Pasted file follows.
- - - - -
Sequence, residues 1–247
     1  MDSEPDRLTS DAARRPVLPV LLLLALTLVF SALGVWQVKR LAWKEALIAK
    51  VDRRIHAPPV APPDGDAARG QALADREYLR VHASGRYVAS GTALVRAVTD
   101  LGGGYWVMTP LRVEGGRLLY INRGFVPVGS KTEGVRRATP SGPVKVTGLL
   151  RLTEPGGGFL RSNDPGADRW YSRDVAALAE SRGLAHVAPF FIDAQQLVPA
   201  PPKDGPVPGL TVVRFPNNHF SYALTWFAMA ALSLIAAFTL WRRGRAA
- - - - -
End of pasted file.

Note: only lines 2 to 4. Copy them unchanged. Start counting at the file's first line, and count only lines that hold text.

     1  MDSEPDRLTS DAARRPVLPV LLLLALTLVF SALGVWQVKR LAWKEALIAK
    51  VDRRIHAPPV APPDGDAARG QALADREYLR VHASGRYVAS GTALVRAVTD
   101  LGGGYWVMTP LRVEGGRLLY INRGFVPVGS KTEGVRRATP SGPVKVTGLL